America will probably never be able to adequately thank the veterans who fought in Vietnam. During a time in our country very different from now, those men and women traveled across the world to serve our nation in a conflict unlike any other in our country’s history. Bob Von Almen of Alton is one of those Vietnam veterans.
Born and raised in Olney, Ill., Von Almen attended college at Southern Illinois University Carbondale before he was drafted into the Army in 1968. After training at Fort Ord in California and Fort Benning in Georgia, he served for a year in Vietnam.
“Field deployments would last for at least 90 days,” he says, with the longest one he was on lasting more than 100. On patrol and in engagements in the field without housing or facilities during deployments, he says the troops’ top priority was watching out for each other.
“We protected each other so we could get home,” he explains.
After his discharge, Von Almen returned to the states where he pursued a career as a funeral director and embalmer. He moved to Alton in 1981 to take a job here. He and his wife, Barbara, have been married for 32 years. He has three daughters and two grandchildren.
For many years, Von Almen was involved in the Veterans Initiative program. The program worked with Vietnam veterans to collect information regarding the possible location of killed or missing Vietnamese soldiers. The information was exchanged with counterparts from Vietnam for information on missing American soldiers.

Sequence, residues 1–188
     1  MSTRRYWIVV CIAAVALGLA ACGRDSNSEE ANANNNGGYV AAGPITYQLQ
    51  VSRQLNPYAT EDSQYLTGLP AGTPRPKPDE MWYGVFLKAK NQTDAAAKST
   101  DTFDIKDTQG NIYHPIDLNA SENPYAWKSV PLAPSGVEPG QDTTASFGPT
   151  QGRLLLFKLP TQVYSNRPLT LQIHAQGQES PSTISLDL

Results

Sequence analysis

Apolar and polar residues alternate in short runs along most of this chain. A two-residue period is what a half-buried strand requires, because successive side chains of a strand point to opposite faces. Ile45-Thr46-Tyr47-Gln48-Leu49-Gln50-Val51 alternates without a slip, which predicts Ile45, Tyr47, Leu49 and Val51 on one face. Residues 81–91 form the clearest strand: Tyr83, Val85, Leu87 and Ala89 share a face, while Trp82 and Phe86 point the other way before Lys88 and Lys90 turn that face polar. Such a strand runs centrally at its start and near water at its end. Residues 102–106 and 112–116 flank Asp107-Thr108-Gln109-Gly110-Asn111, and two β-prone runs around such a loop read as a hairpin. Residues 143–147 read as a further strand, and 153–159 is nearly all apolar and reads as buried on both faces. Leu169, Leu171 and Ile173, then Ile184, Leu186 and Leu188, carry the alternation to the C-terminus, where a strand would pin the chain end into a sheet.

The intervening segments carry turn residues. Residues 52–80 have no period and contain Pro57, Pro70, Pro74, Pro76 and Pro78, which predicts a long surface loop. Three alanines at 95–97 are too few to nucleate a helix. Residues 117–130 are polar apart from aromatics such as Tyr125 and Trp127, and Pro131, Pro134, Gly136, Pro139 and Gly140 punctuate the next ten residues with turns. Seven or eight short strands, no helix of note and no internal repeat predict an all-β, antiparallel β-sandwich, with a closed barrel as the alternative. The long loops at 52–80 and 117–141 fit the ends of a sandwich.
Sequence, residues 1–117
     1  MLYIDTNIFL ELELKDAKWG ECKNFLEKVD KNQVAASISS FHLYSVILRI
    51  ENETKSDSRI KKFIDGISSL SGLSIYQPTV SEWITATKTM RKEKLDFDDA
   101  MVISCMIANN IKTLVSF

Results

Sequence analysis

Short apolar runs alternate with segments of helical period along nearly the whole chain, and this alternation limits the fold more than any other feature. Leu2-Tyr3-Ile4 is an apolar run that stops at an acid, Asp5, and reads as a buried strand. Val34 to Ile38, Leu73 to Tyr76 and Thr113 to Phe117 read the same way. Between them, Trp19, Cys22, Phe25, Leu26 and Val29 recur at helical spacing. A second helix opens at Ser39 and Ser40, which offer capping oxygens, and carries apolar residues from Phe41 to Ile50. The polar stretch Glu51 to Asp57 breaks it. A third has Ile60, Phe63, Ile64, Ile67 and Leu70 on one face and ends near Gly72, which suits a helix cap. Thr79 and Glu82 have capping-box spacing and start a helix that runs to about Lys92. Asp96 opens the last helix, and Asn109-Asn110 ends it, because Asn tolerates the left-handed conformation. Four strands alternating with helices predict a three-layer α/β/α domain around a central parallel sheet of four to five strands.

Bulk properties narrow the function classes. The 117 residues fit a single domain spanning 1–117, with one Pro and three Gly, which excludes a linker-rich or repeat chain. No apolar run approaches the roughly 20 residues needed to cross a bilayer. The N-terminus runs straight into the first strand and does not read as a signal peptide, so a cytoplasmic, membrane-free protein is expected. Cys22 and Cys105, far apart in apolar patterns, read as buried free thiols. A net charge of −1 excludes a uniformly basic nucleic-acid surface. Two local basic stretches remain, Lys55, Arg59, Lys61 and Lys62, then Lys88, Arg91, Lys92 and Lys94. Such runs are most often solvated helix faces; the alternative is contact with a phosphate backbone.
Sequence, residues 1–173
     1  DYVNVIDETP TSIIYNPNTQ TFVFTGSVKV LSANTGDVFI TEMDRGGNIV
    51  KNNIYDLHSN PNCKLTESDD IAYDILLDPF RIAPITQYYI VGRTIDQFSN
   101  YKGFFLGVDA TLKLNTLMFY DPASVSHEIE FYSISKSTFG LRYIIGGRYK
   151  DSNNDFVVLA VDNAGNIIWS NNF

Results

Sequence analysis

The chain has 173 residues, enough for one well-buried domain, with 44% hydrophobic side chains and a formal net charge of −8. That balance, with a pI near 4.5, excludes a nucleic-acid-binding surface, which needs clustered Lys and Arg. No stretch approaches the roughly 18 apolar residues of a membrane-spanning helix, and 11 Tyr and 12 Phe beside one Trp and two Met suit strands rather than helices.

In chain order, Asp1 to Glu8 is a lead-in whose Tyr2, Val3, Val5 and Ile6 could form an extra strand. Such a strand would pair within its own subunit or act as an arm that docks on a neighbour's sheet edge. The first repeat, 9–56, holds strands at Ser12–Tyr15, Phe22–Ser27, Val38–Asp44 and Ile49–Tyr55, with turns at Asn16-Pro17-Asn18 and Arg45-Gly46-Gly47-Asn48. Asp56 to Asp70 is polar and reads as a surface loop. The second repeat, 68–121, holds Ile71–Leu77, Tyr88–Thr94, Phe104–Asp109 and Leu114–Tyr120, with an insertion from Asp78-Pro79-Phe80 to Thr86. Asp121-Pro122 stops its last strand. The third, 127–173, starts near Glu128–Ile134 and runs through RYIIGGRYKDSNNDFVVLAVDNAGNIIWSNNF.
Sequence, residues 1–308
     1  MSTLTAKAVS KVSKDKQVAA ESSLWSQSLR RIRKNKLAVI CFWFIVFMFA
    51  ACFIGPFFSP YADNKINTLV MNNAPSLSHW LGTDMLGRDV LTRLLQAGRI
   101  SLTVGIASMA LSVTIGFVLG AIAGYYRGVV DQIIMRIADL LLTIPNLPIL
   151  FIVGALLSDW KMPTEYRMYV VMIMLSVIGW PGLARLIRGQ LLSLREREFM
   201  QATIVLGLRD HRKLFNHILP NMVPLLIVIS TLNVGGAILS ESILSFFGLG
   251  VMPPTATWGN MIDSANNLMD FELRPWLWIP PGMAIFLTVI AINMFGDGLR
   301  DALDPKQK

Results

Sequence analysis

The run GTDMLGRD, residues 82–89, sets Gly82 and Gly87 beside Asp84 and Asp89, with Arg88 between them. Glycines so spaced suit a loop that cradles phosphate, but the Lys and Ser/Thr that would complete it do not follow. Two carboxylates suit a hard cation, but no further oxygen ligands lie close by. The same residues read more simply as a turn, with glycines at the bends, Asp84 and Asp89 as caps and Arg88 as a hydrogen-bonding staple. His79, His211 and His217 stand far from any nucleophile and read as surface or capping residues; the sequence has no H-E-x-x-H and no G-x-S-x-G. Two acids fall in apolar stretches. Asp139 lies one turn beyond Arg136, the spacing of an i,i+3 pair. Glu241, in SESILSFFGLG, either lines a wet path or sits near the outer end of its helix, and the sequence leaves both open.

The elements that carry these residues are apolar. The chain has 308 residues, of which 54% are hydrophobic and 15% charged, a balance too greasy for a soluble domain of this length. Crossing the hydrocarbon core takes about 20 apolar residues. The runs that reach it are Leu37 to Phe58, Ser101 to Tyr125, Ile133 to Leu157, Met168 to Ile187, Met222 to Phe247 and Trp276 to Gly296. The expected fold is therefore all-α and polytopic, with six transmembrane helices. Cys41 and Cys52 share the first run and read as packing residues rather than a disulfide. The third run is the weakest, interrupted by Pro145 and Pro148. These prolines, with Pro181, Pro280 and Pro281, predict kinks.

Von Almen’s story is remarkable not just for his service to his country and community, but also for the personal example he has set for those around him. Retiring in 2011, he underwent the amputation of his lower right leg in 2013 and had to have another surgery removing an additional part of his leg a year later.
Undeterred by such adversity, Von Almen uses a prosthetic leg and has taught himself to do most of the things anyone else can do. He drives a car and works out at Senior Services Plus four days a week. He credits Devon Neal, Tiffany Lubinski and Ben Bergenzer there for helping him mentally as well as physically.
“If you put your mind to it, you can do anything,” he observes.
Von Almen likes to fish and garden and he stays very active. He volunteers at the 5A’s animal shelter and is active in Ss. Peter and Paul Catholic Church.
“I like to work with young people,” he says. “Young people are refreshing.”
Helen Keller is quoted as saying, “Character cannot develop in ease and quiet. Only through experience of trials and suffering can the soul be strengthened, ambition inspired and success achieved.” Serving his country, taking care of his family and demonstrating there are no boundaries or limitations in life, Bob Von Almen sets an example of excellence in character for everyone around him.